Why do people send email newsletters without asking first if we even want them? Obviously the sender expects we will take notice. Yes, I take notice. But I neither expected the newsletter, nor did I ask for it. It’s a distraction. Typically, those sending the newsletter are just “acquaintances” who have “presumed” on a relationship and “assume” it is OK to send unsolicited commercial email. It is SPAM. As such, I filter out the sender by adding their email address to my email blacklist. But if these “acquaintances” would take time to become “associates” and “friends”, with an appetizing email newsletter introduction, I just might read them and do more.
There are email newsletters I regularly receive. These I’ve subscribed to. Thus I expect to receive them and want to read them. The email newsletters I am referring to in this post usually come from two sources. Either we met at an event and we exchanged business cards, or the sender and I are in the same circle of professionals where an accessible member email list is available. I solved the former situation by removing my email address from my business card. Then, when the person who is eager to add me to their email blast asks for my email, I simply inquire and discover their motive. Email distribution lists for professional organizations can be valuable. However, they should never be used to send unsolicited email.
OK… But I get it. Email interruption marketing can work. People use email newsletters to build awareness with the objective of converting toward a business transaction. Send out enough email newsletters and over time some will engage. Still, it’s SPAM and puts a “bad taste “ in my mouth. The senders should learn from the “good taste” food demonstrators found at various stores.
While doing my food shopping I also get the bonus of sampling food delights at special demo stations to decide if I want to make a purchase. Imagine walking by the demo station only for the person to stop you, open your mouth, and force you to taste their prepared morsel. Yikes! This describes how I feel when someone sends me an email newsletter without asking. Of course, the trained demonstrator would refrain from doing what I described. When I come near, the demonstrator, often busy preparing the food, skillfully captures my attention by stating benefits like, “very, very good”, “on sale today”, “wonderful for breakfast”, “mix with your favorite …”, “gluten free”, “contains 24 essential vitamins”, “recommended daily by…”, “reported to relieve stress”… etc. If I’m interested and see a benefit, I take notice – which may create the desire to “try it”. There is a skill in food demonstration. We should learn from their example when we prepare others to accept and actually read our newsletters. The following document, provided by the California Department of Public Health’s Network for a Healthy California, describes the approach:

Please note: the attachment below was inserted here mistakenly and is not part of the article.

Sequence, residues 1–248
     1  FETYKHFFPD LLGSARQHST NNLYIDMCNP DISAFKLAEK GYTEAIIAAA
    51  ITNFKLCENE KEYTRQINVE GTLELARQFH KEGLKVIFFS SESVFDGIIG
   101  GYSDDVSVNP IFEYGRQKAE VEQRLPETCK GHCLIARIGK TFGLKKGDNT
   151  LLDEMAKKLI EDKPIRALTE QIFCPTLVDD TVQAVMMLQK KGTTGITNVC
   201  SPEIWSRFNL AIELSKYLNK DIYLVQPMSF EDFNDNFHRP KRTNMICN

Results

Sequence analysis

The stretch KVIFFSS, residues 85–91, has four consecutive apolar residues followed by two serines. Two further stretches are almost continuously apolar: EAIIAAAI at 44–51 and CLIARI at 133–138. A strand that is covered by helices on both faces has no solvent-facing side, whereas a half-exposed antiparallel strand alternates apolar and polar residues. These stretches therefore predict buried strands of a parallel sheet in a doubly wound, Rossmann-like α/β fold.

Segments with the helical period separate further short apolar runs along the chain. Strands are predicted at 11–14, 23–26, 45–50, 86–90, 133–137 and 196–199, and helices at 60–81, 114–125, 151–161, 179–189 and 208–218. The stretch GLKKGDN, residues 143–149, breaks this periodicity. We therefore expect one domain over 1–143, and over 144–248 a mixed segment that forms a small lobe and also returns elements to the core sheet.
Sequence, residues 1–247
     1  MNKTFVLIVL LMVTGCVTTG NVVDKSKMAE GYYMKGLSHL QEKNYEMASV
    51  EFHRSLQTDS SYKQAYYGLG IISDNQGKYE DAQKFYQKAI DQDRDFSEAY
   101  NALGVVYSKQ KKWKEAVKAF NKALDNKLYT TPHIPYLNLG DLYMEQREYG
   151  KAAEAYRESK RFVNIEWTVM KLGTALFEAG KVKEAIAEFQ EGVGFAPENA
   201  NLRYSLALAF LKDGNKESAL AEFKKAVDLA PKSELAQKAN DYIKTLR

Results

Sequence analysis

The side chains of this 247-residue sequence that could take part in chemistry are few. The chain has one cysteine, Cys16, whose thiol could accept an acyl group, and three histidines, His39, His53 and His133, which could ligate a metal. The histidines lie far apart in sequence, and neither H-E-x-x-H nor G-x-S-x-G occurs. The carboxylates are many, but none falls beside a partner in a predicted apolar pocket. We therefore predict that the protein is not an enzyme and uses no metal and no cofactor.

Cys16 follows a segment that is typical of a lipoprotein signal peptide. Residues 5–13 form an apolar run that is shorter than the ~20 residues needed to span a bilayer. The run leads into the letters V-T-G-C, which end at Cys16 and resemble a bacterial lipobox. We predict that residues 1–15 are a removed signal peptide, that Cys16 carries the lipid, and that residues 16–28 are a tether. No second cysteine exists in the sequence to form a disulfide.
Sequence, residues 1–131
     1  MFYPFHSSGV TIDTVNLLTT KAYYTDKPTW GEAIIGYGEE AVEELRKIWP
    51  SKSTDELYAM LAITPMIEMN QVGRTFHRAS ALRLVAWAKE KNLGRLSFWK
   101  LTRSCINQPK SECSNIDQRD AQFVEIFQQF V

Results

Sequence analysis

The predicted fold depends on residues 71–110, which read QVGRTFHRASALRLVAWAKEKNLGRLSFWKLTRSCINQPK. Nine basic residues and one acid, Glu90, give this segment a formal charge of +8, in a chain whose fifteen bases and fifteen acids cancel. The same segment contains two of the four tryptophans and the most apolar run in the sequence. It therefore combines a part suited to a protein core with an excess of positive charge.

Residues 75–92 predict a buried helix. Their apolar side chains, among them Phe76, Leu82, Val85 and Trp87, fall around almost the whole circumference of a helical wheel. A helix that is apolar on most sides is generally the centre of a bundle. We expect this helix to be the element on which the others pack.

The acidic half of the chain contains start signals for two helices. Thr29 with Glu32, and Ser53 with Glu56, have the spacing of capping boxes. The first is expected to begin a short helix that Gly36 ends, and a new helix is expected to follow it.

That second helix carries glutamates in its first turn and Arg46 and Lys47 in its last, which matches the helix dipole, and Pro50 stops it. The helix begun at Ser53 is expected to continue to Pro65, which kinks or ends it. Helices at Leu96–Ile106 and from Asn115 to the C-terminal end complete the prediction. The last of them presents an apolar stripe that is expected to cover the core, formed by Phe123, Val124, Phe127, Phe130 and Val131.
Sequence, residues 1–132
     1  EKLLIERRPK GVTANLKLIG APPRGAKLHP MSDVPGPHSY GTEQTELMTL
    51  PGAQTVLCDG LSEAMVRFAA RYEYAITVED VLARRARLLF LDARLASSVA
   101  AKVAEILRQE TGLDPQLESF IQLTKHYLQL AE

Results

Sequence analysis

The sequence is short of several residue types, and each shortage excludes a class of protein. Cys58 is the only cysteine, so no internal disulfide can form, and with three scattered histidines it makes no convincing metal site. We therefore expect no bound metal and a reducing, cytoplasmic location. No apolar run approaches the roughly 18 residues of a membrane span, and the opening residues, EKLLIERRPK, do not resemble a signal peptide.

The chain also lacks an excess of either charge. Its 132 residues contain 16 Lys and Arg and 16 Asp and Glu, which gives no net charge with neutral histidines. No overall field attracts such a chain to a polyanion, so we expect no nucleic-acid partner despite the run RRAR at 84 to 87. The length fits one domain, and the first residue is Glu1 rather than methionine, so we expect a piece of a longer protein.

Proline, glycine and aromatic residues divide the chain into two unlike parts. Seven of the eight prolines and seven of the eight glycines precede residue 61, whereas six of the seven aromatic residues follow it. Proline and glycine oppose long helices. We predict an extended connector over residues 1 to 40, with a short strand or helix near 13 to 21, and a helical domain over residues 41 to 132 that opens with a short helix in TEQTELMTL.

“While your demonstrations will vary … , one thing that should remain the same is your ability to engage, educate, and empower consumers by letting them see, taste, and smell how wonderful fruits and vegetables can be.” http://www.cdph.ca.gov/programs/cpns/Documents/Network-FV-RP-FoodDemoTrainingKit-2007-10.pdf
Great direction. How about applying this advice when requesting I receive your newsletter?
So, want your new contacts at events and professional organizations to accept your email newsletters? First, rather than simply becoming an “acquaintance” so you can add them to your email blast, create a relationship and become “friends” or “associates”. Get permission. Build trust. Your conversation needs to “engage” them with “how wonderful” your newsletter is – personally. Create a language so they can “taste, see and smell” the success that will result by becoming a regular reader who applies your message to business and life. When asking others to accept your email, make your presentation so appetizing that it compels them to go beyond just reading what you’ve written and instead to look forward to receiving future issues, to archive them, follow up with comments on your blog, and share your important message with others in their network. It’s rather easy and fun to make things appetizing. “Try it! You’ll like it”.
Read the great article on the G-Lock EasyMail7 blog
“5-Point Checklist Before Sending Cold Email“
Principle 2 – Construct Community Relationships by Design
Principle 5 – Nurture Social Relationships